One of the benefits to living in Bogotá is that I am one hour and a half by plane away from the coast — and on my salary, it is not that expensive.  I am so grateful to be able to travel like this, and also, to have such rich friendships.  I am a bit sunburned and bug-bitten, but I am not complaining.  What a treat.

 

Re: Last Post and Related Lessons

I have removed my last post because it was a mistake.  In the days since pressing publish, I have dug deep, both within myself and in conversations with close friends.  If there is anything I want to be, it is a person who acknowledges her mistakes, takes responsibility, and learns from them in meaningful way, especially when the content at hand includes some of the most important things in my life — questions of culture, privilege, and the role and impact of writing.

I wanted to write about some of the big things I’m thinking about — like my romantic relationships — but I made a mistake by publishing those in-process, still developing thoughts in such a public format.  There is a big difference between commenting on observations to friends — often self-correcting, changing my mind, and reconsidering — and publicly publishing those observations, particularly in the format of a generalization.  I know I hurt some people, and I apologize for that.  I know good intentions are not always enough, but my intentions were to share based on my own experiences, not to speak for others, and certainly not to portray Colombian men or women in a negative way.  Colombia is a diverse and complex place and I’ve only seen a small slice of it.  My expereinces dating (two) Colombian men have by no means been primarily negative — but I know that the piece came off as judgemental and high-and-mighty to some.  That was a mistake, and I apologize.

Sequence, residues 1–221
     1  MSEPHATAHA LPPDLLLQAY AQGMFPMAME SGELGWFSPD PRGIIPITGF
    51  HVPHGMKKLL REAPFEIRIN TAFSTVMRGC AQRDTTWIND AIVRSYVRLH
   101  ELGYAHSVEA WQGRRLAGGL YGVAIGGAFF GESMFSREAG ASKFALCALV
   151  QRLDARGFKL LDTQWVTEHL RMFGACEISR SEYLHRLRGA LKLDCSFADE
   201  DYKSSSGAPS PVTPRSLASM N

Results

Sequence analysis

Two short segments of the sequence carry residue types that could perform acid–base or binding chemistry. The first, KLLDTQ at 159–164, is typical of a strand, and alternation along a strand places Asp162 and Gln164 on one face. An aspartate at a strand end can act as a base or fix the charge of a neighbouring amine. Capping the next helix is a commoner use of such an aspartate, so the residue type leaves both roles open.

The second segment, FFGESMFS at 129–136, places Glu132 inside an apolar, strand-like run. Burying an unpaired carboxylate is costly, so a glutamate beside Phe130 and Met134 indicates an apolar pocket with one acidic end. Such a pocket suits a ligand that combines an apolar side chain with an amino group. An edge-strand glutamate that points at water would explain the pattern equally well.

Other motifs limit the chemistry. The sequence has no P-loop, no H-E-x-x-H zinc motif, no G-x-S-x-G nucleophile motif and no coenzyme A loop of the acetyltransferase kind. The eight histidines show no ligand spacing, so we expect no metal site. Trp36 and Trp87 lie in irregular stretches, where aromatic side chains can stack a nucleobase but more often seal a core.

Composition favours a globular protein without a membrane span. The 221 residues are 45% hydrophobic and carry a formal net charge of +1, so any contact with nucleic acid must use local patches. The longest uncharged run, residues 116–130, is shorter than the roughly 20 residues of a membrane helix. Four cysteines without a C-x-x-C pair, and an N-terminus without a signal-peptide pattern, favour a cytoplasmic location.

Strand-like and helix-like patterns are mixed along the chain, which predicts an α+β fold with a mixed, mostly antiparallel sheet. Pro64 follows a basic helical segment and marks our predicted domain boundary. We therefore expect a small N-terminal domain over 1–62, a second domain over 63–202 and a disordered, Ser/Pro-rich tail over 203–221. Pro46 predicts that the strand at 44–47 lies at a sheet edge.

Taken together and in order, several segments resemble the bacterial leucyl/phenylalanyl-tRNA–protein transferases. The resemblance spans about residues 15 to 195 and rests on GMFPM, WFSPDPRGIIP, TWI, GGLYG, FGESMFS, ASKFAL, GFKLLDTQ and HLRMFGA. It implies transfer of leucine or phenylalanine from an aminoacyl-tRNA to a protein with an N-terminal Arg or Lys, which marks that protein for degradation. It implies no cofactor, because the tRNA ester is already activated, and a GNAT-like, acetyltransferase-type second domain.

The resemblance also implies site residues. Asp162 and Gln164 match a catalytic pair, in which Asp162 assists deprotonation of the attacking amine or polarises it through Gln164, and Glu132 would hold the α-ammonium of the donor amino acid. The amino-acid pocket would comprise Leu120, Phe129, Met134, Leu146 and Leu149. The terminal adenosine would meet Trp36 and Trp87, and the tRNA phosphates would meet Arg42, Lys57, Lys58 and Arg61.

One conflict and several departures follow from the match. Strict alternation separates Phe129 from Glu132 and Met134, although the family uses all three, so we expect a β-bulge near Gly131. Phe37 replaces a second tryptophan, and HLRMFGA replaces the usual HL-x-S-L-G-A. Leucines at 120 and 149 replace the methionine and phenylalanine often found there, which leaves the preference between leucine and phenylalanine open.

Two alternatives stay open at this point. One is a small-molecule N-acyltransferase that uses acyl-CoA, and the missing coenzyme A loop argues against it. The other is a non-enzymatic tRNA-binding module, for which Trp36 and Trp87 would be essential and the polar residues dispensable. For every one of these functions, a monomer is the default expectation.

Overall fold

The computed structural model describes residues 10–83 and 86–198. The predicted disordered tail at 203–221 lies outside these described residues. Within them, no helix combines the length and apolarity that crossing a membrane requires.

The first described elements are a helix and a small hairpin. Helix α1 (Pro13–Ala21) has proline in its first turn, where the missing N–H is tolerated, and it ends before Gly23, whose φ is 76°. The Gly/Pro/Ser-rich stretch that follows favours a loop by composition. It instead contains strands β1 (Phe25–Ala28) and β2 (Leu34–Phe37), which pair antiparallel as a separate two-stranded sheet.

As uncomfortable as this experience has been, it’s got me thinking deeply about my relationship to all my identities: I am white, I am from the professional/upper middle class, I am a woman, I am straight-ish/gay-ish, I am from a secular Christian-origin family, I am US citizen.  The voice I write with is rooted in all of those identities.  There is a whole lot of privilege in that mix, and also, less dominant identities.  At (nearly) 25, I have learned a lot about how these identities play out in my life, and in particular, how to work to change and even leverage the privilege I have, rather than collude with it.  But I have more learning to do.